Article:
Spain’s top court rules COVID lockdowns unconstitutional

SPAIN – Spain’s highest court ruled on July 14 that the country’s strict stay-at-home lockdown that their government issued under a state of emergency during the first wave of COVID-19 in 2020 was unconstitutional.

 The court upheld most terms of the states emergency but said ordering people off the streets except for going to essential work and services, and shopping violated Spain’s constitution.

The court made the ruling in response to a lawsuit by Spain’s right-wing group Vox party.

After the ruling was handed down, Vox leader Santiago Abascal called on Spanish Prime minister Pedro Sanchez to step down.

“We cannot celebrate the decision because we have proof that the government was willing to break the law and tarnish the constitution,” Abascal told Spanish media.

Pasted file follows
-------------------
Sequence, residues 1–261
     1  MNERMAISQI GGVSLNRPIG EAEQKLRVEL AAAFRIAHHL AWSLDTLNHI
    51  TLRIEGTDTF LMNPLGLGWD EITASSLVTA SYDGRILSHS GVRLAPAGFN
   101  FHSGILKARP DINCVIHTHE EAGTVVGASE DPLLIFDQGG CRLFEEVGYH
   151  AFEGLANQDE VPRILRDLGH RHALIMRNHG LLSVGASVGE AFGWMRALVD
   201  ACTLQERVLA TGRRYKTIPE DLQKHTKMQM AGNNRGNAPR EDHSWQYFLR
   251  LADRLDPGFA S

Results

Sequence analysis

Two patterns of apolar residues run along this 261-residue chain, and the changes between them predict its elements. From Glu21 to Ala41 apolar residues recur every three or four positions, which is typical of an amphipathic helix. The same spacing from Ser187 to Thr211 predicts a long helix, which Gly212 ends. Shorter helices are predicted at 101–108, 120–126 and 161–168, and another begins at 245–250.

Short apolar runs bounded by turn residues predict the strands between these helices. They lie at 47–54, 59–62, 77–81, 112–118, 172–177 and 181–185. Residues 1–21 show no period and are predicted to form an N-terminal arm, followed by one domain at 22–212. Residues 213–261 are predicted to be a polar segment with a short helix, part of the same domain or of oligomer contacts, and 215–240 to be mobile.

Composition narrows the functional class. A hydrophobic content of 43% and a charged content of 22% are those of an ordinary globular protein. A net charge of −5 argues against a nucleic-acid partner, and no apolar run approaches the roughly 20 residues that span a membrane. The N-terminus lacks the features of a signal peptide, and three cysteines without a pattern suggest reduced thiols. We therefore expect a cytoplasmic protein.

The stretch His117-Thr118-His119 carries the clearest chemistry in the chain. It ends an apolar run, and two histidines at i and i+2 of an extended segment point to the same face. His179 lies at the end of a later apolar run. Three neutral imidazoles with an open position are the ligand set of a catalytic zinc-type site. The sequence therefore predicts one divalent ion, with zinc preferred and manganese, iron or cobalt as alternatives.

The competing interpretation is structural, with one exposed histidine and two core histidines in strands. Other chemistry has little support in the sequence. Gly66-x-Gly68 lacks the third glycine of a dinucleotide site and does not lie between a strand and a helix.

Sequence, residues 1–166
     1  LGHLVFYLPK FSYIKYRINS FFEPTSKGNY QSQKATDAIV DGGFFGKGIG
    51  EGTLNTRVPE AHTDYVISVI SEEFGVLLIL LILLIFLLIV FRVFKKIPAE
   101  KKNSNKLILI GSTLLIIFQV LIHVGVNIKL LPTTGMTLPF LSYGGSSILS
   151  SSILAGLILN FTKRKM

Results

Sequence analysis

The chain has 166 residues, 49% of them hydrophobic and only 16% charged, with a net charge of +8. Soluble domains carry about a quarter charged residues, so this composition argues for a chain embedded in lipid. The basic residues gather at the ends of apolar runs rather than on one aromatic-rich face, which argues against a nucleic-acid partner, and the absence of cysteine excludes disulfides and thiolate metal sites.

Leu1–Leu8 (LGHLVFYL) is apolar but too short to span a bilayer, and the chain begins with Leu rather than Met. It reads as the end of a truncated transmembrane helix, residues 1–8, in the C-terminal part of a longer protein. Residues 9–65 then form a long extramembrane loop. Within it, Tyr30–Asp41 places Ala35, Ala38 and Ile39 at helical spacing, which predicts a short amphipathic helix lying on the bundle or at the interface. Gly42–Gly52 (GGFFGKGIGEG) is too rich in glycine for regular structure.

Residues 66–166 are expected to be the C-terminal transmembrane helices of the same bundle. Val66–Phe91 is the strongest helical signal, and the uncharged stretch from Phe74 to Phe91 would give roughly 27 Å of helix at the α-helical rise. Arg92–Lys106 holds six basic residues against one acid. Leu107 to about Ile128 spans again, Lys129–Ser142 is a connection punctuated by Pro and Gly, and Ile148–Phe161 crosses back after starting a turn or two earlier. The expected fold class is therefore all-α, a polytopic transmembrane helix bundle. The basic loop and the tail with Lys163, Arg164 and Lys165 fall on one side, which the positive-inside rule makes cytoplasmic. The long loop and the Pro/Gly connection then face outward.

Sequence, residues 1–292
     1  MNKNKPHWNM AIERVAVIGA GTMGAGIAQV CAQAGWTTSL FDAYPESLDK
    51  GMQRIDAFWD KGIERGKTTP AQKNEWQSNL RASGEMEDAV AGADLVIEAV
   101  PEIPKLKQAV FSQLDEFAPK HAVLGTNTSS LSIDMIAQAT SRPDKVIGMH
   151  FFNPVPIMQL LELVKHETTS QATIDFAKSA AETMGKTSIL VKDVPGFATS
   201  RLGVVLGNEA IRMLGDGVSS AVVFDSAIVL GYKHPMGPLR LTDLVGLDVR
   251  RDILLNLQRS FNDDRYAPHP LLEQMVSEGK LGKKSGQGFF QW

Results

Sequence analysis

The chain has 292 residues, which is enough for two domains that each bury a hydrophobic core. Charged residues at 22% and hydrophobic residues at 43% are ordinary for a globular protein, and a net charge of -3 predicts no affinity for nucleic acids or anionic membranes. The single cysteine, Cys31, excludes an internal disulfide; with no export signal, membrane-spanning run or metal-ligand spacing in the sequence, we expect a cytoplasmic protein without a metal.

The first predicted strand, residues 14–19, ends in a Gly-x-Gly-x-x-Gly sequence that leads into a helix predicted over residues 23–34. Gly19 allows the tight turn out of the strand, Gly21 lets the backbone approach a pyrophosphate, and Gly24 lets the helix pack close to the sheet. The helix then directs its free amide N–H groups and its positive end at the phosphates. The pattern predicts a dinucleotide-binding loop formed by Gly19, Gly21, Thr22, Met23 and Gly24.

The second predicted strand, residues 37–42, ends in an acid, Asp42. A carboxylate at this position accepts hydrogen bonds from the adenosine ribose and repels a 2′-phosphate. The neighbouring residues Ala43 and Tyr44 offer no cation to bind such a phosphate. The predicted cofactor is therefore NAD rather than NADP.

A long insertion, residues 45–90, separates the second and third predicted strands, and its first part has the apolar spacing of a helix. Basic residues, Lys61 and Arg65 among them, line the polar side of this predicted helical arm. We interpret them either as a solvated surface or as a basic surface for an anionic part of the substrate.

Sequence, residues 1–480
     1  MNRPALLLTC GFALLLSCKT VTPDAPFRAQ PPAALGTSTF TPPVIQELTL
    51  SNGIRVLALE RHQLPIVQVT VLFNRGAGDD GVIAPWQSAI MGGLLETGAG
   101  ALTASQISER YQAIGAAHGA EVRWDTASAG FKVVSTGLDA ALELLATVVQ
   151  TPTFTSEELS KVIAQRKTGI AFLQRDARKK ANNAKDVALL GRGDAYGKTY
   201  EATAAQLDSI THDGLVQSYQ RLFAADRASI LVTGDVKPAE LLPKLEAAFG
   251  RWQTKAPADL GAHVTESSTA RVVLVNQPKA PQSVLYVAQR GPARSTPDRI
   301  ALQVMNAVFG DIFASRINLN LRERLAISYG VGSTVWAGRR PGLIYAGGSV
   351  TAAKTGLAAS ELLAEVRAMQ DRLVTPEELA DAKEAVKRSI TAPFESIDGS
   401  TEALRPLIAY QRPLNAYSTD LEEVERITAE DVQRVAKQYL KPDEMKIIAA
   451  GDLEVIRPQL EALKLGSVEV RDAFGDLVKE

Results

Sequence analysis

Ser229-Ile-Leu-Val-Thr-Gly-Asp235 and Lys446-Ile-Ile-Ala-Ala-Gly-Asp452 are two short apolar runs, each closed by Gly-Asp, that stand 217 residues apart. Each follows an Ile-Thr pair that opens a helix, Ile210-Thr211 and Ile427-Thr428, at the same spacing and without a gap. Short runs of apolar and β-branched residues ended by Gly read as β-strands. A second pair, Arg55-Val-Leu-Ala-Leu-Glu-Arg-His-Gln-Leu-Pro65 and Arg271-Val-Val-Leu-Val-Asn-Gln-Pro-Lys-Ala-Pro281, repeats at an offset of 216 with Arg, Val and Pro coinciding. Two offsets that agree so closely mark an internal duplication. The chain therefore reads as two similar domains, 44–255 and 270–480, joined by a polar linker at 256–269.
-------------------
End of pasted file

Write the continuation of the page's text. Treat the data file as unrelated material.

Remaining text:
The court will release its full decision in the coming days and legal experts say until they see it it’s not clear if the ruling will allow lawsuits against Spain’s government.

In January a German court issued a landmark ruling declaring the COVID-19 lockdowns that the government imposed were unconstitutional.

That ruling was a result of a case regarding a man violating strict German lockdown rules by celebrating a birthday with his friends.

The Weimar District Court didn’t just acquit the defendant but also stated that the authorities themselves breached Germany’s basic constitutional law.

Thuringia’s spring lockdown was a “catastrophically wrong political decision with dramatic consequences for almost all areas of people’s lives,” the German court said in its decision.